More than 10,000 babies are born in Kenya with a congenital heart defect each year. However, at this time, there is no dedicated congenital heart program in all of Africa. Lacking the access to modern medical care, many of these children die needlessly in their early childhood years.

Since 1992, THAP has sponsored 120 children to undergo heart surgery many from the poorest areas surrounding Nairobi, Kenya - to undergo successful heart surgery in Kenya, India, Italy and the United States.

THAP also assists the children by providing pre- & post-op diagnosis, medicine, accomodations and transportation for the children who travel to Nairobi from remote areas for medical treatment.

I find it touching that it was so easy for me to find three outstanding organizations with the same mission:  Saving Children Born with Broken Hearts. All of these organization cater to families who cannot afford the expensive treatments needed to save children with complex congenital heart defects.  All of these organizations seem blind to race, religion or political beliefs. Their sole concern is saving children who would otherwise be lost.

If you, or someone you know, would like to get involved in helping one of these organizations, please check out their websites. There are many opportunities to serve these organizations. While financial donations are always needed and appreciated, I found it refreshing that they also had other ways people could be part of the healing process.

Friday, April 5, 2013

Showing Gratitude

How do you show gratitude?  Do you send a card, make a phone call, buy a gift or surprise someone with something made especially by you?

After visiting with numerous people in Washington, D.C. for Advocacy Day with the Adult Congenital Heart Association and Mended Little Hearts I felt I had to do something special as a Thank You to the kind people who met with us and listened to our stories. I decided that the typical, Thank You note which I usually calligraphy by hand just wouldn't do. So instead I created very special Thank You notes thanks to Walgreens!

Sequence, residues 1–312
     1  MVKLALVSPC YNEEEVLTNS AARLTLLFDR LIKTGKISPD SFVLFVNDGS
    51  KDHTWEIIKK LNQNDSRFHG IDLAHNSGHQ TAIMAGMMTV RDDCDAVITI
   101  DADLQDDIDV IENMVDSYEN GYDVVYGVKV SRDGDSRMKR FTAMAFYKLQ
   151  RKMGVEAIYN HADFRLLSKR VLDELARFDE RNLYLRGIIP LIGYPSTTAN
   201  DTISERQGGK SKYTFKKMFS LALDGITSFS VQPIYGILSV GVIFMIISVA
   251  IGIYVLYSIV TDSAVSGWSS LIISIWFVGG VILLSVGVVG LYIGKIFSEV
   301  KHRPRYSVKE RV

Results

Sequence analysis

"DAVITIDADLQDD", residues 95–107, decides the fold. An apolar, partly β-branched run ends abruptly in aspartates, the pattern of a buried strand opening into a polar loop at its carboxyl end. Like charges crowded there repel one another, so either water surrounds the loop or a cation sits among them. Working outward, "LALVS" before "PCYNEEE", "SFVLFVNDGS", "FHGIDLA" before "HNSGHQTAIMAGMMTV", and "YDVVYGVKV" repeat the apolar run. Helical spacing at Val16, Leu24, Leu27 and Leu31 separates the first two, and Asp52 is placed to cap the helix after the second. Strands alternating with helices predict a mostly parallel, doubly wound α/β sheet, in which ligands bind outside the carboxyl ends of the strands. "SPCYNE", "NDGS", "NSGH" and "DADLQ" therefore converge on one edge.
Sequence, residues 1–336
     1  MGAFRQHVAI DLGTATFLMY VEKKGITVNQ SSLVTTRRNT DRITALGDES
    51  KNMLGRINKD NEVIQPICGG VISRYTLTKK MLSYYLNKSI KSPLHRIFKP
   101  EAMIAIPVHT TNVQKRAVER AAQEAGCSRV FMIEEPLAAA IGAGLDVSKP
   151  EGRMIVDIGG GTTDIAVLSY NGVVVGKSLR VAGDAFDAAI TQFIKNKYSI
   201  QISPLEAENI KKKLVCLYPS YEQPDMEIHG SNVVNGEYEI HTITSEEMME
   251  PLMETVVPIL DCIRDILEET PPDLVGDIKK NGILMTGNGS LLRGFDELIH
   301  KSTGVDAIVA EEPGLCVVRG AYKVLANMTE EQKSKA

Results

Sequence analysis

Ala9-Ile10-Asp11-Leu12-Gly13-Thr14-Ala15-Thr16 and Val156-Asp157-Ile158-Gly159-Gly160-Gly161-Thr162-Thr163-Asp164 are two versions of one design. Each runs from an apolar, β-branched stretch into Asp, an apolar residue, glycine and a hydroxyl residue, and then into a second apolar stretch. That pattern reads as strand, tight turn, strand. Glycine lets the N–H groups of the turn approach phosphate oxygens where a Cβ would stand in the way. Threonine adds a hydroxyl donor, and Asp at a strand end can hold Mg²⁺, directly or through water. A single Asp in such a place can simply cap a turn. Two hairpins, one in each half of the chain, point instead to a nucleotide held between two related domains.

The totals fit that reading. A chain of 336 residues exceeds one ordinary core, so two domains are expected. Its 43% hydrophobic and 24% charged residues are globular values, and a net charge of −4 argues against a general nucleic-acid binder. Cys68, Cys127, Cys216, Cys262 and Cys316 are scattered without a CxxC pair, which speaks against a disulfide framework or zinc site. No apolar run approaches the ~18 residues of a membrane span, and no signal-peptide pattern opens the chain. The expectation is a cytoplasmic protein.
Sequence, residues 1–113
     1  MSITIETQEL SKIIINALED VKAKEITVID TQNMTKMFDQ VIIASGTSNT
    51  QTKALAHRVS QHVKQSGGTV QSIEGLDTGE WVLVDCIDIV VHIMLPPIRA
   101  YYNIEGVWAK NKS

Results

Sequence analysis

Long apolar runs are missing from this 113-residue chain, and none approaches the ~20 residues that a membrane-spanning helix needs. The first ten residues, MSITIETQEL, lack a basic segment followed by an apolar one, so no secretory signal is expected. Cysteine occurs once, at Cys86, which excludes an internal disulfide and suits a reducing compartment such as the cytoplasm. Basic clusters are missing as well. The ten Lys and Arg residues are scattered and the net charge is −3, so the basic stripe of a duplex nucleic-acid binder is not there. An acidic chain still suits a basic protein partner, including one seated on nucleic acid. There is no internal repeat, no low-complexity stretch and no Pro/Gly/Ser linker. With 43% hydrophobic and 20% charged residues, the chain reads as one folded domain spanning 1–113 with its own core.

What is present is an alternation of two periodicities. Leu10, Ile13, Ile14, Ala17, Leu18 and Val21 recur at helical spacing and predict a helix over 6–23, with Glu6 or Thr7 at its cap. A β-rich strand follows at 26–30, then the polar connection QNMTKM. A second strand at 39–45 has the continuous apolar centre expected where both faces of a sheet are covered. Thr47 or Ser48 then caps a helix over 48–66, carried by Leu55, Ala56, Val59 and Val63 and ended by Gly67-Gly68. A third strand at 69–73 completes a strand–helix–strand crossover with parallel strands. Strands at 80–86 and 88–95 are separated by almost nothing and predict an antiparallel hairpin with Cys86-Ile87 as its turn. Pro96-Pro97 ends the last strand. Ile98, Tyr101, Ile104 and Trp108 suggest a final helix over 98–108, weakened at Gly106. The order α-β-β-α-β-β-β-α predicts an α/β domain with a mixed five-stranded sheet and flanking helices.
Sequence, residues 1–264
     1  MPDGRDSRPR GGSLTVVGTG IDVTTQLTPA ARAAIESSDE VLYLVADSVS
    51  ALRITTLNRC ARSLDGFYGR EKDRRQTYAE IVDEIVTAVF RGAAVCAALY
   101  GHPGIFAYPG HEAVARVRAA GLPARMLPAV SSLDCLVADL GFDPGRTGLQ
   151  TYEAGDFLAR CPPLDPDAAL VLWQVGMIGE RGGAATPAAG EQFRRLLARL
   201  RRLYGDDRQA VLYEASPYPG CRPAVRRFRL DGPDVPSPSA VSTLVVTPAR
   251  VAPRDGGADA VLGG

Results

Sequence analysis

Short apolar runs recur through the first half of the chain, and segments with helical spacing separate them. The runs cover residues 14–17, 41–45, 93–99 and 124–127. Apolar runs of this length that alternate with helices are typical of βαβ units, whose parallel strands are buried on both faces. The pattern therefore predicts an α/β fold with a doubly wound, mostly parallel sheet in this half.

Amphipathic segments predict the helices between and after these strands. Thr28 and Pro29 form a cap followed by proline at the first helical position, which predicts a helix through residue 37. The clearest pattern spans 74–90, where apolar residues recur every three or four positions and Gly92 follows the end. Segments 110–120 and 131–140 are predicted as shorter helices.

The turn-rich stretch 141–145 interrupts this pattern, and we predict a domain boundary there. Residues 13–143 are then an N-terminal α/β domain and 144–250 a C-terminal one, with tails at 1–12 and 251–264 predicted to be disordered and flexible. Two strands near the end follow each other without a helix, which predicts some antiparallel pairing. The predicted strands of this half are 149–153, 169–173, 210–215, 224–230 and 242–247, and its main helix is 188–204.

First I uploaded the photos we took at the event to my Walgreens account and then I came up with the following cards:

Since we didn't really get a chance to meet with Senator Cruz to talk, but just went for the Texas Tuesday Coffee (photo opportunity) I shared with him in my Thank You note what I wish I'd had time to talk to him about.

 I was thankful that I had a chance to let Senator Cruz know why Joey and I had traveled all the way from Texas to Washington, D.C. I don't know if he'll ever see that card, but if he does, and he sees Joey or me again, he'll have a better idea of what we'll want to talk to him about!

This card was special because Joey took it so I put the photo of John Coryn's legislative assistant Wes Hambrick,  Mary Adair and me  on the outside:
I put the photo I took of Joey and Mr. Hambrick on the inside.
Luckily we also had a chance to meet with John Carter's legislative assistant, Taylor Gilliam. She was very sweet to us and all of us had a chance to talk to her about what we thought was important. The inside of her card was the same as the previous card.

 The last Thank You card I made was to Amy Baskin at the ACHA. Thanks to Amy, I didn't have to call the legislators to schedule my own appointments. Thanks to Amy and the ACHA I had a chance to learn about how I could be a good advocate for our cause. I wanted Amy and the ACHA to know how much I appreciated what they did for Joey and me.
Here is the inside of the card:

It took a bit of time to create the cards but I hope they were appreciated by the people I sent them to. I sent copies to Mary and Joey, too, to remember our remarkable trip.

I would like to conclude with this quote I found:

"Thankfulness is the beginning of gratitude. Gratitude is the completion of thankfulness. Thankfulness may consist merely of words. Gratitude is shown in acts." ~ Henri Federic Amiel